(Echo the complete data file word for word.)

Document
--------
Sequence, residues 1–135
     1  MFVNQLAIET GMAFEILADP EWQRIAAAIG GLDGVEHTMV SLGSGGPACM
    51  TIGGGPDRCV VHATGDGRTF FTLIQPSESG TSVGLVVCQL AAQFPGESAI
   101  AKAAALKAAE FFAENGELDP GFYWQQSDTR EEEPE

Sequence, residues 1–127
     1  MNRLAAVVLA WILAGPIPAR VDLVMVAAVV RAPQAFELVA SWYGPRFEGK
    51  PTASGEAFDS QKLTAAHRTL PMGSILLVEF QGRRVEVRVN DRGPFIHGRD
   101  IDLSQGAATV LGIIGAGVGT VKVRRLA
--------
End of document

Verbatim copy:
Sequence, residues 1–135
     1  MFVNQLAIET GMAFEILADP EWQRIAAAIG GLDGVEHTMV SLGSGGPACM
    51  TIGGGPDRCV VHATGDGRTF FTLIQPSESG TSVGLVVCQL AAQFPGESAI
   101  AKAAALKAAE FFAENGELDP GFYWQQSDTR EEEPE

Sequence, residues 1–127
     1  MNRLAAVVLA WILAGPIPAR VDLVMVAAVV RAPQAFELVA SWYGPRFEGK
    51  PTASGEAFDS QKLTAAHRTL PMGSILLVEF QGRRVEVRVN DRGPFIHGRD
   101  IDLSQGAATV LGIIGAGVGT VKVRRLA